Profile: Peter Neil ’59, World Ocean Observatory founder

The weight of water - World Ocean Observatory founder Peter Neill ’59 on why water matters so much


Peter Neill ’59 remembers the moment he came to care about the ocean. It was 1998, and he was walking through Harvard Square in a snowstorm. He ducked into a used bookstore and happened upon a copy of The Ocean: Our Future, an official report by the World Commission on Oceans. 

“It was a revelation,” he says. At the time, Neill was president of the South Street Seaport Museum and wanted to take ideas he read about in the report and incorporate them into programming and partnerships. When he ran into resistance from museum trustees, he decided to take the idea and do his own thing. That thing turned into the World Ocean Observatory (, what Neill describes as “a web-based global social system that transcends species and habitat” and provides a space to trade science, technology, policy, and cultural ideas about the role water plays in the world. 

“The ocean is the one natural system that connects us all,” says Neill. “It’s also, in my view, how we’ll survive in the 21st century. We can’t be indifferent to it. Look at it like this: If you go three days without water, you die.”


Though water is the most precious of natural resources, Neill says we take it for granted. But we shouldn’t.

“We have cities that cannot provide water to their citizens. One million gallons of water per well are poisoned through fracking, and it’s removed from the finite inventory of water in the earth. That’s not included in the price paid for that energy. Fresh water is vital to food and human health. It’s fundamental to survival. You can’t wait around for it take care of itself. If you do, you’re making suicidal decisions.”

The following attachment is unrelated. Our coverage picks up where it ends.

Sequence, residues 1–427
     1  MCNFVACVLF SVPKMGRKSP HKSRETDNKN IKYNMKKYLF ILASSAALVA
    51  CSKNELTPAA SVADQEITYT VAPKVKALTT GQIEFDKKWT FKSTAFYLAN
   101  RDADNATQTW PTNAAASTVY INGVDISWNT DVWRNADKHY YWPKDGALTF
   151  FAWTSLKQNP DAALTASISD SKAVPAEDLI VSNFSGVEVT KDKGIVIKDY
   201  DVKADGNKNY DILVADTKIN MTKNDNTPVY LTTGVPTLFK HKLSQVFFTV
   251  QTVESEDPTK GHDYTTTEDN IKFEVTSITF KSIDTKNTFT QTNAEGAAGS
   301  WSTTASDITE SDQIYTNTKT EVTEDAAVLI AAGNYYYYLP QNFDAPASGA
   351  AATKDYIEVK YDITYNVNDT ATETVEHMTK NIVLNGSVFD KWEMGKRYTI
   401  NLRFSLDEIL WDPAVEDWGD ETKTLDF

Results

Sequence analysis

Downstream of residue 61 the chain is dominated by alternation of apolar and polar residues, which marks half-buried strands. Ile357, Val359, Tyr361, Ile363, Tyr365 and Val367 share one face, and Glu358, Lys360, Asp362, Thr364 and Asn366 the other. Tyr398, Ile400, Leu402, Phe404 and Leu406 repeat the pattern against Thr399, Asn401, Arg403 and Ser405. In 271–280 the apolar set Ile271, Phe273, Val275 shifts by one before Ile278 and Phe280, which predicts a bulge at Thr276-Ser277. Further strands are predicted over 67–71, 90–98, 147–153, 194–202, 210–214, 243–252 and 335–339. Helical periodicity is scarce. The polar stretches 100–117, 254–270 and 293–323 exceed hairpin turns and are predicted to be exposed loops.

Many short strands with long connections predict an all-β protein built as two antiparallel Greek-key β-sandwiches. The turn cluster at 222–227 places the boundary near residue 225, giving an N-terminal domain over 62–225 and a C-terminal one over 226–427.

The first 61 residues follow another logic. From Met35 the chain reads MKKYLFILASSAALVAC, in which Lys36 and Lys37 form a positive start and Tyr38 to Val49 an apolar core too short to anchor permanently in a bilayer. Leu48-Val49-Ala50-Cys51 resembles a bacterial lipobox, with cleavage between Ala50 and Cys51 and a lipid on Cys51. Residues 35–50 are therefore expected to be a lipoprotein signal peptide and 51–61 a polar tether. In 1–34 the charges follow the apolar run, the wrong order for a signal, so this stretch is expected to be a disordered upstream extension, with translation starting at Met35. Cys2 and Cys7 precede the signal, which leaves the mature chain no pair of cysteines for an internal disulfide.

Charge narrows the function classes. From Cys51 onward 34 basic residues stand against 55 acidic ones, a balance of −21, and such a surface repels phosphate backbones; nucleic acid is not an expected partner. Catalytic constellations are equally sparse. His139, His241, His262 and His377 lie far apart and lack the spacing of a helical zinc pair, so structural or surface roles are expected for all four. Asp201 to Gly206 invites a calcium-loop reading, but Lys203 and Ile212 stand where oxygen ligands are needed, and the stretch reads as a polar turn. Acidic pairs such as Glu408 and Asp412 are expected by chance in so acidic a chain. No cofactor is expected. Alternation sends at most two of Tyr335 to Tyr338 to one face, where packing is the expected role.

Neill’s philosophy and call to action are the centerpieces of his 2016 book, The Once and Future Ocean: Notes Toward a New Hydraulic Society. He wants to see a society transformed by its relationship to water, where decisions about everything from what to build and with what materials, where we live, and how we share resources are paramount. He outlines his ideas of a “post-industrial, post-consumption” community. 

While Neill’s vision is futuristic, he says there are things happening now that indicate how societal entities work together to share and preserve resources. The U.S. Army Corps of Engineers and the Tennessee Valley Authority, for example, represent a trans-boundary governance format organized around watersheds that serves the vision of “hydraulic society” more realistically than conventional state-by-state organization. Neill says a continued evolution in how we think about water is essential, and believes his work can help bring that about. 

“The key to my proposed paradigm shift,” he says, “is the understanding of the ocean/freshwater continuum applied to a transformation of value, structure, and behavior, sustaining the most important global natural resource as the inevitable key to human survival. We fail to make this shift above all else at our peril.”